Meeting Discusses Motu Proprio on Use of John XXIII’s Missal

Given below is the text of a communique released by the Holy See Press Office concerning Benedict XVI's forthcoming Motu Proprio on the use of the Missal promulgated by Blessed John XXIII in 1962.

"A meeting was held under the presidency of the Cardinal Secretary of State in which the content and spirit of the Holy Father's forthcoming Motu Proprio on the use of the Missal promulgated by John XXIII in 1962 was explained to representatives from various episcopal conferences. The Holy Father also arrived to greet those present, spending nearly an hour in deep conversation with them.

"The publication of the document — which will be accompanied by an extensive personal letter from the Holy Father to individual bishops — is expected within a few days, once the document itself has been sent to all the bishops with an indication of when it will come into effect."

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  • Guest

    I am looking forward to seeing the Tridentine Mass.  I remember a bit of Novo Ordo Mass in Latin from childhood but as an adult, I have attended Tridentine Mass only twice; otherwise I have mainly only seen Latin Mass on television.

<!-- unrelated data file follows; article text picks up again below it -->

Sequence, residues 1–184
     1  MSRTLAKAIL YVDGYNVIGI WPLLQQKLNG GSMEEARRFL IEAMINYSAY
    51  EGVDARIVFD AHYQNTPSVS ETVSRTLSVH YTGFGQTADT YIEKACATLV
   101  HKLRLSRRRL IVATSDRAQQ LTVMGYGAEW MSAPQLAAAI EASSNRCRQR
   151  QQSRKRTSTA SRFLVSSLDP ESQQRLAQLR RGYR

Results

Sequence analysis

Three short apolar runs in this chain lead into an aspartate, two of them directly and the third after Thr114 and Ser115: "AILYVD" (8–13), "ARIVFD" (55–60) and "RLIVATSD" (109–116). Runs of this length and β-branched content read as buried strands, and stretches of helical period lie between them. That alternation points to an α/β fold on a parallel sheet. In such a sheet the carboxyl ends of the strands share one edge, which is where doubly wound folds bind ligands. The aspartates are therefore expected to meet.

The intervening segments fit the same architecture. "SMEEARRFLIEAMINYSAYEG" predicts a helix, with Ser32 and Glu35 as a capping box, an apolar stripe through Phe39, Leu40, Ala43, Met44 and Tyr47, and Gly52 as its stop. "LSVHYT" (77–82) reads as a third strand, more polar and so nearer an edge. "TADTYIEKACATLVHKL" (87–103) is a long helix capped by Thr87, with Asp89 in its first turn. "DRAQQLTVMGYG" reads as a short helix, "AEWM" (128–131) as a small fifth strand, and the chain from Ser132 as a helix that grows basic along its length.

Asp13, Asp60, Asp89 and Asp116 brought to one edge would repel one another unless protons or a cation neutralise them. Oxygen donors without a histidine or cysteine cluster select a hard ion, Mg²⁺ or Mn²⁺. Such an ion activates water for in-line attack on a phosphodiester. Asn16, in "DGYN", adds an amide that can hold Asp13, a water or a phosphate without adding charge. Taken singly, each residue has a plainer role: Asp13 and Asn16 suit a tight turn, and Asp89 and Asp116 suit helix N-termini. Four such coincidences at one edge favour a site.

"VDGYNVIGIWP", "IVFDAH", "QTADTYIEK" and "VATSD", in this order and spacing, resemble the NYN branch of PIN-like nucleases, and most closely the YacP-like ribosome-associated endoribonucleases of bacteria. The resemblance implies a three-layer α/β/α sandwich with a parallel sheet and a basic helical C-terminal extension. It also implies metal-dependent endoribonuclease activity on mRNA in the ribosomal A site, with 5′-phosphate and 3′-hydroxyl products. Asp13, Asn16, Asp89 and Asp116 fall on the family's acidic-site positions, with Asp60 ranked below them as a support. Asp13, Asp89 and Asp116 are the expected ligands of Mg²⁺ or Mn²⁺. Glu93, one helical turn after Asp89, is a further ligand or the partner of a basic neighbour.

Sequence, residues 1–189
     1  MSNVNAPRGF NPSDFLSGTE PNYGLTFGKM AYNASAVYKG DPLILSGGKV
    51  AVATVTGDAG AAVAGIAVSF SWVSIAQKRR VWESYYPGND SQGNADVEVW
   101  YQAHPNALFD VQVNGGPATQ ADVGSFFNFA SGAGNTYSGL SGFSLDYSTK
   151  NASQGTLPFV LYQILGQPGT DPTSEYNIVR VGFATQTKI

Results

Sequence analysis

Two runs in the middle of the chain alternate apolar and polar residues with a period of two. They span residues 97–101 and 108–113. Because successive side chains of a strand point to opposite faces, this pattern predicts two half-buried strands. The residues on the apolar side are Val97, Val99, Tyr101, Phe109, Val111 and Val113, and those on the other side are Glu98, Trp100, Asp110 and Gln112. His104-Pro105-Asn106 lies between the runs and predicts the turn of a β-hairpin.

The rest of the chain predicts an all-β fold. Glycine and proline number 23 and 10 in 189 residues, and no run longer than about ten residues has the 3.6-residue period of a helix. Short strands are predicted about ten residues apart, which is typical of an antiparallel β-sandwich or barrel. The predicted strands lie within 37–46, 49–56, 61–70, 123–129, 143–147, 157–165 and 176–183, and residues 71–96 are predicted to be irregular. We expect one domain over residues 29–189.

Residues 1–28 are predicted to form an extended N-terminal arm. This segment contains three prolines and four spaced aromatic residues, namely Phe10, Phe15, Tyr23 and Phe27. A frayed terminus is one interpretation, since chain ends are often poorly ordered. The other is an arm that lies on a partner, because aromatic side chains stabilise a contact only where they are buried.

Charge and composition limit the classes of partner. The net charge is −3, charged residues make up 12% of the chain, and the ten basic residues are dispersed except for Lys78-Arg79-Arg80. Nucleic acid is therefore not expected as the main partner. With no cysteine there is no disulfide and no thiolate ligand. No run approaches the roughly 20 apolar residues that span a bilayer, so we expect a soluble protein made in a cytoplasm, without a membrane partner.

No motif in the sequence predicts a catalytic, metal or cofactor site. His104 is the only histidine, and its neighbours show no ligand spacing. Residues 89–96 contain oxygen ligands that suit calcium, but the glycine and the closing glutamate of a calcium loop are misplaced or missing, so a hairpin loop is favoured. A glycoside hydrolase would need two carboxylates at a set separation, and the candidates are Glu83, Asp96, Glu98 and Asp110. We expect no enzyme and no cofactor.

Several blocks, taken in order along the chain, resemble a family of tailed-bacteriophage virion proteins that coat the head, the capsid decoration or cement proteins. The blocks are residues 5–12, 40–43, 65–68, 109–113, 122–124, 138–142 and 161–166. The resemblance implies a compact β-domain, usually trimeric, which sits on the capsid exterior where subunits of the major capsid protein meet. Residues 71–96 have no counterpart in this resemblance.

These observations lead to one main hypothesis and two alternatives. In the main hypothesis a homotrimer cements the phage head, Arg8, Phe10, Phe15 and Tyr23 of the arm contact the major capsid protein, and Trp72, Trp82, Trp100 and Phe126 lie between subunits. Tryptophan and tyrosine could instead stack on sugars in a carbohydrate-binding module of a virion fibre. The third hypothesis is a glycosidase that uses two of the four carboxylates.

I do not know exactly the attraction but somehow, it seems to have a certain artistic and/or musical dignity that is quite inspiring.  I do not know why it was put under restriction ("house arrest?) for so long; it seems important that we preserve this beautiful Latin rite as part of the Church’s great cultural and artistic heritage. 

    My wife is latina and so on alternate Sundays we go to spanish Mass, which is also inspiring. 

    It will be nice to be able to attend Latin Mass as well.

    Many people do not realize that in the Tridentine Mass is not entirely in Latin.  In the Tridentine Mass, the Kyrie is in Greek. 

    This I am told, is an important reference to the Eastern, or Oriental, part of the Church.

  • Guest

    A lot of it comes down to the translations from the Latin to English.  While the Latin, Spanish and Italian manage to preserve the real meaning, so much gets lost in the translation into English.  A good example is the Creed we profess at Mass.  The Preface's in Latin were so rich and beautiful while the English leaves a lot to be desired.  Why things were ever allowed to be "dumbed down" I will never understand.